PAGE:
What I needed was to be reassured about HOW she was going about her work, and not just THAT she was going about her work. Our communications at the start weren’t giving me enough certainty and in fact the responses I got made me more anxious. Our conversations would go like this:

Me: What’s happening with the resource pack for the conference session?

Her: I’m on to it. 

Me: Cool. What does that mean?

Her: It’s under control. No need to worry.

Me (worrying): Great. What exactly has been progressed so far and what’s still outstanding? Are we on track? What support do you need? I’d like some more information please (This is code for ‘my assurance strategy has not been met, and I don’t feel convinced that you’re on top of what’s happening. I’m not yet comfortable that you and I are on the same page with what’s important, so please give me more information to assuage my fears.’)

Turns out she didn't want to bog me down with unnecessary details and was trying to keep things off my plate (which she was asked to do) and I was trying to understand what was actually going on with the task, and how she was handling it, so I could feel comfortable to really let her run with it.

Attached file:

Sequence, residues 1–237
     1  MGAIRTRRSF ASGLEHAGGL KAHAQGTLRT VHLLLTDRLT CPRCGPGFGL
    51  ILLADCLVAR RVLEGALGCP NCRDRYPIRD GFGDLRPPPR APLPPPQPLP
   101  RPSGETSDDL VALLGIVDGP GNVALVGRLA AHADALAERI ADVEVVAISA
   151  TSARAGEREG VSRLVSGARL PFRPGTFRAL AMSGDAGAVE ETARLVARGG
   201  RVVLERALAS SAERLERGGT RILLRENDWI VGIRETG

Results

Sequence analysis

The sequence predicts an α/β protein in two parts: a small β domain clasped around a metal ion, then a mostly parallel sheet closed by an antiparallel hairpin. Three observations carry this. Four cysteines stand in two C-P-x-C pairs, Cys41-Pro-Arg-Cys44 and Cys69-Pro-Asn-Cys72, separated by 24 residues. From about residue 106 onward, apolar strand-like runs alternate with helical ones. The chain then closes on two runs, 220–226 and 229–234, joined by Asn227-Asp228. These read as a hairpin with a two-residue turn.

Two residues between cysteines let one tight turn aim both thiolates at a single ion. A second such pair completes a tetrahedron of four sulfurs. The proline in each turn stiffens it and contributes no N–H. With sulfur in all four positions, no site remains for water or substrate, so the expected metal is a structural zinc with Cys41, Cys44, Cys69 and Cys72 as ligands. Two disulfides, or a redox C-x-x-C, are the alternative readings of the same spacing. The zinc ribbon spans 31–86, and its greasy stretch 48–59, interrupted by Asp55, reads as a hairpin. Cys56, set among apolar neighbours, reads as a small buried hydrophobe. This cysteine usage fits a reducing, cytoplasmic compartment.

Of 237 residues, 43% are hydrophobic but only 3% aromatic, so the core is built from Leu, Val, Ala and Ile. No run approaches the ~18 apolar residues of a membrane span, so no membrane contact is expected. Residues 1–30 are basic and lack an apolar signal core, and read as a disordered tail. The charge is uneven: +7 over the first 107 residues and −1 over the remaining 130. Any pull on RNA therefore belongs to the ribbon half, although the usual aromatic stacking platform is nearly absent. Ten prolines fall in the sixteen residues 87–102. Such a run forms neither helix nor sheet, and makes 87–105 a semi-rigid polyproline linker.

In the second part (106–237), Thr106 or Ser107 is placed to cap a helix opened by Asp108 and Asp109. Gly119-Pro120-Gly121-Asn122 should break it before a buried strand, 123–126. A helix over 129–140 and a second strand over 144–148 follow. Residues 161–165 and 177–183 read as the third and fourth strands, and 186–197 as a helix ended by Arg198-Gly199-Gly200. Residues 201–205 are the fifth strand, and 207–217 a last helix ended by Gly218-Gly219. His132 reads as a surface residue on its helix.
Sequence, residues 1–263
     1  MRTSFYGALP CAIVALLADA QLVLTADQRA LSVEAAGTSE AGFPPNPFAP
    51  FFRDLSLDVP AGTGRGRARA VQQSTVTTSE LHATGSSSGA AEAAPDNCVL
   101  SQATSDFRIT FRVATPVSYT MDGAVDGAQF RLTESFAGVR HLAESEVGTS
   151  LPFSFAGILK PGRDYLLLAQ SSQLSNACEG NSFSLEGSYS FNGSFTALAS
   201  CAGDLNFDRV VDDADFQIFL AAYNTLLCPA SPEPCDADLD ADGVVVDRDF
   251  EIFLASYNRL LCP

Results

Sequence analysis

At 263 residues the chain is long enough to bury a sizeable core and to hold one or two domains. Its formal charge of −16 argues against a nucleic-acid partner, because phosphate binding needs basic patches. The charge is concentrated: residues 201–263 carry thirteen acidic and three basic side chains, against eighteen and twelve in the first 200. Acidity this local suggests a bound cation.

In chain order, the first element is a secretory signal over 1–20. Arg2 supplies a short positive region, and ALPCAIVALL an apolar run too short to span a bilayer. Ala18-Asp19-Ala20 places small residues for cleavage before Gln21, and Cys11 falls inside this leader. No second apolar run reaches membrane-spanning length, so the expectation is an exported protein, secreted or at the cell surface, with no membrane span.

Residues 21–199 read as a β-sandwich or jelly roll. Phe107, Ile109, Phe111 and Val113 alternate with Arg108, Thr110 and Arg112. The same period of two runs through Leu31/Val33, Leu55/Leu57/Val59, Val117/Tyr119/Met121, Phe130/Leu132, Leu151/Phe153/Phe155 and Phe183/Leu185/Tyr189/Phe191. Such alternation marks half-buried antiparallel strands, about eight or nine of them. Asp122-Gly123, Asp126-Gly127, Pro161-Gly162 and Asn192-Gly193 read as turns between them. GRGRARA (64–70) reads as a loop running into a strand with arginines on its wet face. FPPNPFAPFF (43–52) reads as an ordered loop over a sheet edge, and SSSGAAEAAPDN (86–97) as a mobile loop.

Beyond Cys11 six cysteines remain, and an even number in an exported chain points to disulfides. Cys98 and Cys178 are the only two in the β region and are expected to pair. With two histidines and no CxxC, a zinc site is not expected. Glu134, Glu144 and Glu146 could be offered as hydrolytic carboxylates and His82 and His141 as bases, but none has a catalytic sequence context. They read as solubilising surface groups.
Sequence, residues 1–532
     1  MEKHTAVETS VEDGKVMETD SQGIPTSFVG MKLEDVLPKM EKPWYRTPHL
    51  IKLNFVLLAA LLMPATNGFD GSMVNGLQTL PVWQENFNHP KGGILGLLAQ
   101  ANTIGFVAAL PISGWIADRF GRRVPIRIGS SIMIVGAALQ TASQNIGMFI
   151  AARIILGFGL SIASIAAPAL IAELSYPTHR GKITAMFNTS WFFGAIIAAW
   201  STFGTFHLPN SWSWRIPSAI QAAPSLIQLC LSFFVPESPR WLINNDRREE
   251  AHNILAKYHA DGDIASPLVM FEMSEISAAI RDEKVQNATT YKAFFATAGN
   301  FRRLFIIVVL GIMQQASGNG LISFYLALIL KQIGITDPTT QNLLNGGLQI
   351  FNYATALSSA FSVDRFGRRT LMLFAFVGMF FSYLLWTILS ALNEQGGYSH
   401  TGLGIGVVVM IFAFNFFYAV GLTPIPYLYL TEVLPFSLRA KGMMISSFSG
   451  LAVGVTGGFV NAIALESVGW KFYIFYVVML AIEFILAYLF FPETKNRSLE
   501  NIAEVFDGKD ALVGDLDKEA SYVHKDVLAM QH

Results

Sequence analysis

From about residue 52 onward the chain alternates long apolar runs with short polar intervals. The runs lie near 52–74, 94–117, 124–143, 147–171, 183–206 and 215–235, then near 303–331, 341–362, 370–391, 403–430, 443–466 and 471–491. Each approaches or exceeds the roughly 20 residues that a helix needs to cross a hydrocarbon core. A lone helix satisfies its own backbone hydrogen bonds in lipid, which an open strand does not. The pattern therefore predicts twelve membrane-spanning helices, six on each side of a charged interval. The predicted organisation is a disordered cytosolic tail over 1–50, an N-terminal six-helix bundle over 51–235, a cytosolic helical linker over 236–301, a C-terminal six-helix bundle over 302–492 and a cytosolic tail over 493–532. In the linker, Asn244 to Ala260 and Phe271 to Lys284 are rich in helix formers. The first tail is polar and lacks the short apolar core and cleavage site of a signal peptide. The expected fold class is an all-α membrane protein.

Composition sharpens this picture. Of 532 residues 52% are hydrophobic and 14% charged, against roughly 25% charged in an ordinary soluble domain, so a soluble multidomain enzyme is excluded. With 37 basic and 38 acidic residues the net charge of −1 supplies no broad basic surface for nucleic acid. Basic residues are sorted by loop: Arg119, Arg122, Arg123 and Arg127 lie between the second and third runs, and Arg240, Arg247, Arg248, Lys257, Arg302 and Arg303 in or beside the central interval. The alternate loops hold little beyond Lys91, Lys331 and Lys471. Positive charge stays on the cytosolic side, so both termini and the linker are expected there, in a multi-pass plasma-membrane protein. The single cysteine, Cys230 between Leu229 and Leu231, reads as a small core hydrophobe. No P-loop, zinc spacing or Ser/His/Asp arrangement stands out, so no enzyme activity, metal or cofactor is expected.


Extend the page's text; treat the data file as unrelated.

Her brief responses left me with more answers than questions. Was she snowed under and needed extra support? Was she on top of the tasks and needed more to do? Was she unsure of the process and trying to figure it out on her own?  It didn't matter what scenario was playing out, it only mattered that I had to guess, because guessing is a result of not knowing, and this uncertainty leads to a lack of confidence which results in... You guessed it – micromanagement!

The solution

What I wanted to hear was not just ‘that’ it was under control, but exactly ‘what’ was under control, and in what way. Our working relationship is new. We are still trying to figure each other out. I wanted to understand her thinking process and her activity steps because in order to get to know her capability, and trust her judgement, I need to know more than the fact that something is done. I want to know how it’s done.

So I wanted to hear something like this:

Me: What’s happening with the resource pack for the conference session?